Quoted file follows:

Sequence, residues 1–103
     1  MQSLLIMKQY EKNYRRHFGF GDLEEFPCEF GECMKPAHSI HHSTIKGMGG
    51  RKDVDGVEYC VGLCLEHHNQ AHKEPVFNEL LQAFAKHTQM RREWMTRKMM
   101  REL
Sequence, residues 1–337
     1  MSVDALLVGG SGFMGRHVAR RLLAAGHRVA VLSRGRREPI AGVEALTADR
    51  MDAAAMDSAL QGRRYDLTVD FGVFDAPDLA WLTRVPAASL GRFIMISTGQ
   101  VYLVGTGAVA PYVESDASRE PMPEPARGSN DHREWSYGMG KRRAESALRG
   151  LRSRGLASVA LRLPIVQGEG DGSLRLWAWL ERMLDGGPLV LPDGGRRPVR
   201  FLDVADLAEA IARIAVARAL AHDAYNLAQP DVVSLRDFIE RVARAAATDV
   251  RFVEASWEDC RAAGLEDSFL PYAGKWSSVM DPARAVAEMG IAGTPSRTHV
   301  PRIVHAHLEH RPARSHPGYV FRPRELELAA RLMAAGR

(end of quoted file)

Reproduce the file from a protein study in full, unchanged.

Sequence, residues 1–103
     1  MQSLLIMKQY EKNYRRHFGF GDLEEFPCEF GECMKPAHSI HHSTIKGMGG
    51  RKDVDGVEYC VGLCLEHHNQ AHKEPVFNEL LQAFAKHTQM RREWMTRKMM
   101  REL
Sequence, residues 1–337
     1  MSVDALLVGG SGFMGRHVAR RLLAAGHRVA VLSRGRREPI AGVEALTADR
    51  MDAAAMDSAL QGRRYDLTVD FGVFDAPDLA WLTRVPAASL GRFIMISTGQ
   101  VYLVGTGAVA PYVESDASRE PMPEPARGSN DHREWSYGMG KRRAESALRG
   151  LRSRGLASVA LRLPIVQGEG DGSLRLWAWL ERMLDGGPLV LPDGGRRPVR
   201  FLDVADLAEA IARIAVARAL AHDAYNLAQP DVVSLRDFIE RVARAAATDV
   251  RFVEASWEDC RAAGLEDSFL PYAGKWSSVM DPARAVAEMG IAGTPSRTHV
   301  PRIVHAHLEH RPARSHPGYV FRPRELELAA RLMAAGR